Bandipur Overview

Bandipur National Park, nestled in the southern state of Karnataka, India, stands as a premier wildlife sanctuary and an integral part of the Nilgiri Biosphere Reserve. Established in 1974 under Project Tiger to protect India’s dwindling tiger populations, Bandipur spans an expansive area of approximately 874 square kilometers (about 337 square miles). The park is part of a larger conservation area, including the adjacent Mudumalai National Park in Tamil Nadu, Wayanad Wildlife Sanctuary in Kerala, and Nagarhole National Park in Karnataka, forming a vast ecological continuum that is vital for wildlife conservation in southern India.

Located about 80 kilometers (50 miles) from Mysore and 215 kilometers (134 miles) from Bangalore, Bandipur National Park is set amidst the picturesque Western Ghats. The park’s terrain is characterized by a mix of deciduous forests, evergreen forests, and grassy woodlands, providing a diverse habitat that supports a wide variety of flora and fauna.

Bandipur is renowned for its significant tiger population, making it a critical tiger reserve in the country. In addition to tigers, the park is home to other large mammals such as Indian elephants, gaurs (Indian bison), leopards, dholes (Indian wild dogs), sloth bears, and several species of deer. The park also boasts a rich avian diversity, with over 200 species of birds recorded, including the critically endangered Indian vulture.

The park offers safari experiences that allow visitors to explore its vast landscapes and encounter its diverse wildlife. Safaris are conducted in open-top jeeps, providing an up-close and personal view of the animals in their natural habitat. The safaris, guided by experienced naturalists, offer not only the thrill of sighting majestic animals like tigers and elephants but also the chance to appreciate the quieter beauty of the park’s lesser-known creatures and plant life.

Bandipur National Park’s commitment to conservation and its breathtaking natural beauty make it a must-visit destination for nature lovers, wildlife enthusiasts, and anyone looking to experience the serene and wild heart of India’s southern forests.

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Park Map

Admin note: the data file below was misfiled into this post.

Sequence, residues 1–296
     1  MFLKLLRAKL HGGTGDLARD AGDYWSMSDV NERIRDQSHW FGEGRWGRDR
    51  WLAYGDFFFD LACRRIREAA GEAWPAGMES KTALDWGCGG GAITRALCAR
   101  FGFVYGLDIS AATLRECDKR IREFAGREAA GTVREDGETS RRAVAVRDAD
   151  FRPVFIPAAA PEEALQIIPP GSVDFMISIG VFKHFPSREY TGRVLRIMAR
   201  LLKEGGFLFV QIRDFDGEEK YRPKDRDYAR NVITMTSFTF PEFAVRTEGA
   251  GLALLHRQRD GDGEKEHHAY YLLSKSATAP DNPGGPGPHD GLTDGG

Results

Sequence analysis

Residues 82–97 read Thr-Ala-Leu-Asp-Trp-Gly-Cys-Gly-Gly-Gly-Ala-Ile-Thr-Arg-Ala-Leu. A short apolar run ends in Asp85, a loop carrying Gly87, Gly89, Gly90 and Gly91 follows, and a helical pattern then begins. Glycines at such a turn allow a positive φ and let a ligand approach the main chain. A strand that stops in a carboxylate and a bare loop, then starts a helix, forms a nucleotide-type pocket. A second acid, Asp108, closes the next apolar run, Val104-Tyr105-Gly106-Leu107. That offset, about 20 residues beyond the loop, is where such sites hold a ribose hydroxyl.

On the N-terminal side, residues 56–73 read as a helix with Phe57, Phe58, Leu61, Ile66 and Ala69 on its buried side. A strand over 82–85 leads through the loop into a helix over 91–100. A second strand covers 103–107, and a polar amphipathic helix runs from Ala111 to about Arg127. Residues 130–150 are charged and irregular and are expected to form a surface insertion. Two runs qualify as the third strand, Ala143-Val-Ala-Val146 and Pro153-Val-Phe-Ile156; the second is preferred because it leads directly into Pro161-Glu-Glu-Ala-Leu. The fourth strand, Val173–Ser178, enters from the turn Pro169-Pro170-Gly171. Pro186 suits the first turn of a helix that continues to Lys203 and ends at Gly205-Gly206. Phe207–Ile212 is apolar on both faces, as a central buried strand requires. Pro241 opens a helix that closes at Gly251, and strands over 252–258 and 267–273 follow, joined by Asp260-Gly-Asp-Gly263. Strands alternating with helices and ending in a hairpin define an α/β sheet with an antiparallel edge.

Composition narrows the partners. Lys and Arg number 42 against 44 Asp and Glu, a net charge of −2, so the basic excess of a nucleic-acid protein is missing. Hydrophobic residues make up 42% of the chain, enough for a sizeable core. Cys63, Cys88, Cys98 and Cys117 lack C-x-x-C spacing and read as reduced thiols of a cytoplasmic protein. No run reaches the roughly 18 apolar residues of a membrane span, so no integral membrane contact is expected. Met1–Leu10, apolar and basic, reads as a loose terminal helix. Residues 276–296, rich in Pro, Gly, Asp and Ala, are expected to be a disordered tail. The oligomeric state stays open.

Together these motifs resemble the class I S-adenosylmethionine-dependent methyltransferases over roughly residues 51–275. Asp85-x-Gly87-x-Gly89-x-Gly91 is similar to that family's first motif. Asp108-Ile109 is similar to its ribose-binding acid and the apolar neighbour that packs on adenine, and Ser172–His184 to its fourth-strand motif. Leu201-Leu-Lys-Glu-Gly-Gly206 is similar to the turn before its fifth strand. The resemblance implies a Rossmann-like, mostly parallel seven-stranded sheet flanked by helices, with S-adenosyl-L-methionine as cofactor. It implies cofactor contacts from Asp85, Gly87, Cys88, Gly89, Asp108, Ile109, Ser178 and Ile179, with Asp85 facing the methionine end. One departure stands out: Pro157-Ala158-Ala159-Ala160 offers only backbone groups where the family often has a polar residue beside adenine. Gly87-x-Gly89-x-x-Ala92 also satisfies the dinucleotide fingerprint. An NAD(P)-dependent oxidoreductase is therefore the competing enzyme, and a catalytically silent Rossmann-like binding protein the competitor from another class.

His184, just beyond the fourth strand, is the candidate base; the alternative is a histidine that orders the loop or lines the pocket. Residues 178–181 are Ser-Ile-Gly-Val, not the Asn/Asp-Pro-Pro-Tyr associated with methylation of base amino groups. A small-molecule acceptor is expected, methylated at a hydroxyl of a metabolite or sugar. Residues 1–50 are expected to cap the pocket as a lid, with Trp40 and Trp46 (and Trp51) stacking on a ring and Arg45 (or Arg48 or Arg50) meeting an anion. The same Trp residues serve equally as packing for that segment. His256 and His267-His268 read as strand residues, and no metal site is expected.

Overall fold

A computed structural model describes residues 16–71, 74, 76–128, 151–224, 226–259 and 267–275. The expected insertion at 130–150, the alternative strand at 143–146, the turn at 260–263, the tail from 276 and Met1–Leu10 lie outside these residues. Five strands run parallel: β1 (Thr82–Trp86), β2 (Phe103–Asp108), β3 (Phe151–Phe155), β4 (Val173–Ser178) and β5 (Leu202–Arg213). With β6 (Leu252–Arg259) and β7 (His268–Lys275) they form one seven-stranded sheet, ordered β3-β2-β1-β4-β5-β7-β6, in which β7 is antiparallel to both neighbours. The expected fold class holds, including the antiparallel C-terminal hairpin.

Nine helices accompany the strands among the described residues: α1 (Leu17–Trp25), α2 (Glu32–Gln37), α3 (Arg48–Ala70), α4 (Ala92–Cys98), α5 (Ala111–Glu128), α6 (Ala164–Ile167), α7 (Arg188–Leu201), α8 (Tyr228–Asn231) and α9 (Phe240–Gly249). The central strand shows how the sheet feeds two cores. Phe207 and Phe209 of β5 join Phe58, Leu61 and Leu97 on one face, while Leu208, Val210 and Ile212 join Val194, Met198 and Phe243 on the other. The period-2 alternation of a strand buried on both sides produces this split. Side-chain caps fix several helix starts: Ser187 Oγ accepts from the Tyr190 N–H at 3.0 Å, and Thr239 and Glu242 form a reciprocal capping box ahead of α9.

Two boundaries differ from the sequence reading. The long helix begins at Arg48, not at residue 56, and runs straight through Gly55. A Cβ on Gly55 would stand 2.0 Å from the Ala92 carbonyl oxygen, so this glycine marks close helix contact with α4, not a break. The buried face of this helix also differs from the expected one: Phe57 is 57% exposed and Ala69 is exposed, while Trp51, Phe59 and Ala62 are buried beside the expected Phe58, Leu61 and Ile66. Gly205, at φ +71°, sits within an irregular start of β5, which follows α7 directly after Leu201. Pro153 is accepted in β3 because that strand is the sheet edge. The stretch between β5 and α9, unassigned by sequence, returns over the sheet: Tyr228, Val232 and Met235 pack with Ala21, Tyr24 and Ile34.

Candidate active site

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Bandipur National Park Highlights


Bandipur National Park is a crucial conservation area, playing host to a variety of predator species that underscore the park’s critical ecological dynamics.

Bengal Tiger
At the apex of Bandipur’s food chain, the Bengal Tiger is a majestic and powerful predator, embodying the wild beauty and complexity of the ecosystem.

The elusive Leopard thrives in the dense forests of Bandipur, utilizing its superb camouflage and climbing skills to ambush prey from above.

Dhole (Indian Wild Dog)
These highly social and cooperative hunters are known for their endurance and strategy, working in packs to take down even the largest of prey.

Sloth Bear
Primarily nocturnal, Sloth Bears forage for termites and fruit, but their powerful build allows them to stand their ground against other predators.

Striped Hyena
Although less common, the Striped Hyena is a scavenger that plays an important role in the ecosystem by cleaning up carrion and other organic waste.

Indian Python
The Indian Python, one of the largest snakes in the world, is a formidable predator in Bandipur, relying on its strength to constrict and overpower prey.

Mugger Crocodile
Residing in the park’s water bodies, the Mugger Crocodile is a key aquatic predator, feeding on fish, reptiles, and sometimes larger mammals.

These predators are integral to maintaining the natural balance within Bandipur National Park, ensuring the health and sustainability of its diverse ecosystems.


Bandipur National Park is home to a diverse range of wildlife species, each contributing to the rich tapestry of life in this vibrant protected area.

Indian Elephant
A keystone species, the Indian Elephant plays a critical role in shaping the environment, with their large herds often seen wandering the park’s landscapes.

Chital (Spotted Deer)
With their striking spotted coats, Chital are a common sight, grazing in herds across the park, providing a vital food source for many predators.

Sambar Deer
The largest Indian deer, Sambar are distinguished by their robust build and large antlers, playing a key role in the park’s ecological balance.

Indian Gaur (Bison)
The mighty Gaur, or Indian Bison, is Asia’s largest bovine, known for its muscular stature and imposing presence within the park’s forests.

Wild Boar
Adaptable and omnivorous, Wild Boars have a significant impact on the ecosystem through their feeding habits, which include rooting and seed dispersal.

Nilgiri Langur
Endemic to the Western Ghats, the Nilgiri Langur is a leaf-eating monkey with a striking black fur and a long tail, often found in troops.

Indian Giant Squirrel
The colorful Indian Giant Squirrel is known for its impressive size and vivid coat, leaping through the canopy with remarkable agility.

Indian Muntjac (Barking Deer)
Small and elusive, the Indian Muntjac is often heard through its distinctive bark, serving as an alarm call in the dense underbrush of the forest.

Four-horned Antelope